07 August 2017

2017 Maternal Health Campaign Foreword: Since 1990, maternal deaths have been cut by half

By Nana Kuo

The global community has achieved considerable progress for women’s and children’s health in recent years.

From 1990 to 2015, the number of children surviving childhood has increased considerably. Maternal deaths have been cut by half. Yet, gains remain partial and fragile. In 2015, an estimated 303,000 women died from preventable causes during pregnancy and childbirth and an estimated 5.9 million children died before their fifth birthday, mainly of avoidable causes.

Reaching the hard-to-reach

The Every Woman Every Child movement has been instrumental for success, reaching an estimated 273 million women, children and adolescents with life-saving and life-changing services and supplies in the past two years alone. However, if we are serious about achieving globally agreed goals, equity must underpin all efforts, reaching marginalized and overlooked communities, and ensuring that they are counted and heard.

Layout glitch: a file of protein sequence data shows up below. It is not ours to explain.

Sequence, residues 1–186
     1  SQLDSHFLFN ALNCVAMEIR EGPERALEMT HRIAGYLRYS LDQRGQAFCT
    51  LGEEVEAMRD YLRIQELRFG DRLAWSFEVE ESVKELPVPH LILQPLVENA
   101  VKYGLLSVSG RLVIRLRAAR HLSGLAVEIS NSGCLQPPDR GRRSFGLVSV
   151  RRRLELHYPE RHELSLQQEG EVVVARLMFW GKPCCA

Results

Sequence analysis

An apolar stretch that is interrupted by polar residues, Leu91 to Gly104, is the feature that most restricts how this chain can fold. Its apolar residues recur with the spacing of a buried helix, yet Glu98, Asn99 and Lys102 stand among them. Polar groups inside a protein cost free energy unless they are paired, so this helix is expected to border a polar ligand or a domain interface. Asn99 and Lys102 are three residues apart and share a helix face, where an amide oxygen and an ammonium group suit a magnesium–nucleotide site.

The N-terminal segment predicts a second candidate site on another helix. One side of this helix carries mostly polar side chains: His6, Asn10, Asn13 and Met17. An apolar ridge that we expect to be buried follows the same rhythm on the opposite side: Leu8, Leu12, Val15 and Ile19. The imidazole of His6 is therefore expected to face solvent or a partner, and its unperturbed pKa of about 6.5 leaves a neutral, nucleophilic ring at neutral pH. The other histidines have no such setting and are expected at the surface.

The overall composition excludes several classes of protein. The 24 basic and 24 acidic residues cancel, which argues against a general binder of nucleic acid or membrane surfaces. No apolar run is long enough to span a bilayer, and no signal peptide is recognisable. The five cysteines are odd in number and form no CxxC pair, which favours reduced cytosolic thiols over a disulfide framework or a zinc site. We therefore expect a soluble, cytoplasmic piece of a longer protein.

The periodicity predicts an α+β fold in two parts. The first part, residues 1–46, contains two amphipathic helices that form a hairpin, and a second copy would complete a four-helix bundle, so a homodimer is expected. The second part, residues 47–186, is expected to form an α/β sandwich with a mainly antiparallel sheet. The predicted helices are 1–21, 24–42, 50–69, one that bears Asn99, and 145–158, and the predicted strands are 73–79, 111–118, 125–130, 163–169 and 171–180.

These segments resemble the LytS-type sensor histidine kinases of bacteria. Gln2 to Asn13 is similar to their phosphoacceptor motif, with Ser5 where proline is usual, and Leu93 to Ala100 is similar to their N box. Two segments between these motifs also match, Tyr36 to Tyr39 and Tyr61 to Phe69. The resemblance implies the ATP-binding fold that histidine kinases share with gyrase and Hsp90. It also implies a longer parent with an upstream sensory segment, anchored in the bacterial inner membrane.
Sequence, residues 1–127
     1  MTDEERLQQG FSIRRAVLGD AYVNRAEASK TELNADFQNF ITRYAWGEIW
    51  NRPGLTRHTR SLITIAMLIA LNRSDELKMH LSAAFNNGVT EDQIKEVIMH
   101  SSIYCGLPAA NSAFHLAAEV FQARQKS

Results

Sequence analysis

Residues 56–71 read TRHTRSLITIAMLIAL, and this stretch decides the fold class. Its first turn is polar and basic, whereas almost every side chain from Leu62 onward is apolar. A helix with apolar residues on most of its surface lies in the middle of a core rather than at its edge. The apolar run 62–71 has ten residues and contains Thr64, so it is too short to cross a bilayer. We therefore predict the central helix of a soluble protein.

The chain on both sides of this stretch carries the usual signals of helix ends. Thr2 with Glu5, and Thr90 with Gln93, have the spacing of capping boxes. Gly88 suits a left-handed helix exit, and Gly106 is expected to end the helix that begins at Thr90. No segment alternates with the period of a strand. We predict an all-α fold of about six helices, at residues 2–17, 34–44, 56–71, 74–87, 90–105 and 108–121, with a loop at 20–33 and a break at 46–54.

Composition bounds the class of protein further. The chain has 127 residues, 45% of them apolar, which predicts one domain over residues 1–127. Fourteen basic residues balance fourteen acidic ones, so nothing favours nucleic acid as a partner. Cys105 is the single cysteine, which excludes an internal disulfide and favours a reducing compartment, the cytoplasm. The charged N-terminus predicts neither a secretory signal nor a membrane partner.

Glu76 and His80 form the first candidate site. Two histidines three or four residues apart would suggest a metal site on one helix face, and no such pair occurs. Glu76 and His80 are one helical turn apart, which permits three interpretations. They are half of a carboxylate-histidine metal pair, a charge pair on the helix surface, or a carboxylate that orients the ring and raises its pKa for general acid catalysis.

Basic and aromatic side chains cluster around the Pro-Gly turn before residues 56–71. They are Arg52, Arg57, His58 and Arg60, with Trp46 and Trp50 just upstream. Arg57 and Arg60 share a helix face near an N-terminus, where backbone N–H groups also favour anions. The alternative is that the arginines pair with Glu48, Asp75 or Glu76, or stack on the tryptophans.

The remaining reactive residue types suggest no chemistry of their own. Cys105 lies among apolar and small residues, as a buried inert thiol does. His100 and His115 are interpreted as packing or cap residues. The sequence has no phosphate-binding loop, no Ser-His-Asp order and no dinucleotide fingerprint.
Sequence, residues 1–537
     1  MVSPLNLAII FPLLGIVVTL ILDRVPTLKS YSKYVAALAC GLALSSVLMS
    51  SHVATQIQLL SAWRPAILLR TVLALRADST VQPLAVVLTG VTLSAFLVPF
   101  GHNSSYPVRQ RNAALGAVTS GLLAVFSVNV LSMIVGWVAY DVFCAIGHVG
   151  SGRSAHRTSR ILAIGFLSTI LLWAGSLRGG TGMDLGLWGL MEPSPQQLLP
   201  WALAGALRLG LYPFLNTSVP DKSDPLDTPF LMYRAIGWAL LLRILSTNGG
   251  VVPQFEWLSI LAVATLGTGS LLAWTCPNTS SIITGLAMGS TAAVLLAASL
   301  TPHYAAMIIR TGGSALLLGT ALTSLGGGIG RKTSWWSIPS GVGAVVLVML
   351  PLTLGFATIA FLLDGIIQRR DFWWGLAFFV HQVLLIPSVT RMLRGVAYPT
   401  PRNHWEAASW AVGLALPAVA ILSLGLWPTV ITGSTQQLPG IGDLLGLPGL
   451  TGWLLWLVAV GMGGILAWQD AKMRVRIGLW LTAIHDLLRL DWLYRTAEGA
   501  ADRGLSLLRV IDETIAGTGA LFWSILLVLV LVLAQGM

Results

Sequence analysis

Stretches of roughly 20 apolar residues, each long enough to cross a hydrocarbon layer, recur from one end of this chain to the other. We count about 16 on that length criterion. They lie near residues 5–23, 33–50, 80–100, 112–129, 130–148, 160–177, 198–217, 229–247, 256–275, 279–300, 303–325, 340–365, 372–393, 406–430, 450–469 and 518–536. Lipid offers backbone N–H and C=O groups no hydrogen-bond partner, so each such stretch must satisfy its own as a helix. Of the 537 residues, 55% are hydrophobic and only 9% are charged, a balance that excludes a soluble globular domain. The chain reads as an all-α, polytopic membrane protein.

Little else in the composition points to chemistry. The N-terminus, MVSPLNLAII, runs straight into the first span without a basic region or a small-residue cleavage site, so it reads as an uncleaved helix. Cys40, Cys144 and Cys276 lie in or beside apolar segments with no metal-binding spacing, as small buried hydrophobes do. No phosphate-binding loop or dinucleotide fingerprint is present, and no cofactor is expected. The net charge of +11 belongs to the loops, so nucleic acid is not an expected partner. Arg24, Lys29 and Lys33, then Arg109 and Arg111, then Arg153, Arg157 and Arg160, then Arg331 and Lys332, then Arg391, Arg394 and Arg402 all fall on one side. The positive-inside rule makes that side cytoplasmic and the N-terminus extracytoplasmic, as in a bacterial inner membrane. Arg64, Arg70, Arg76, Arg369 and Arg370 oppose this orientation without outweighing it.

Photo credit: IOM Myanmar/Valeria Turrisi

The impact of social conditions

We must focus on structural determinants and conditions in which people are born, grow, live, work and age. This includes socioeconomic status, gender equality, education, the environment, and opportunities, as well as access to quality health care and other services, with equity and dignity.


As we address health and wellbeing, we must think about needs across the life span: women beyond childbearing age, children from before conception and throughout the early years, and adolescents from one of the richest periods of their lives well into adulthood. This also means empowering women, children and adolescents, so they are able to meaningfully engage and inform policies and programs that affect them. More than ever, we need concerted action across sectors to ensure that women, children and adolescents survive and thrive to help transform the world.


Check out this foreword on Mediaplanet’s Global Health Action website.

Photo credit: UN/Eskinder Debebe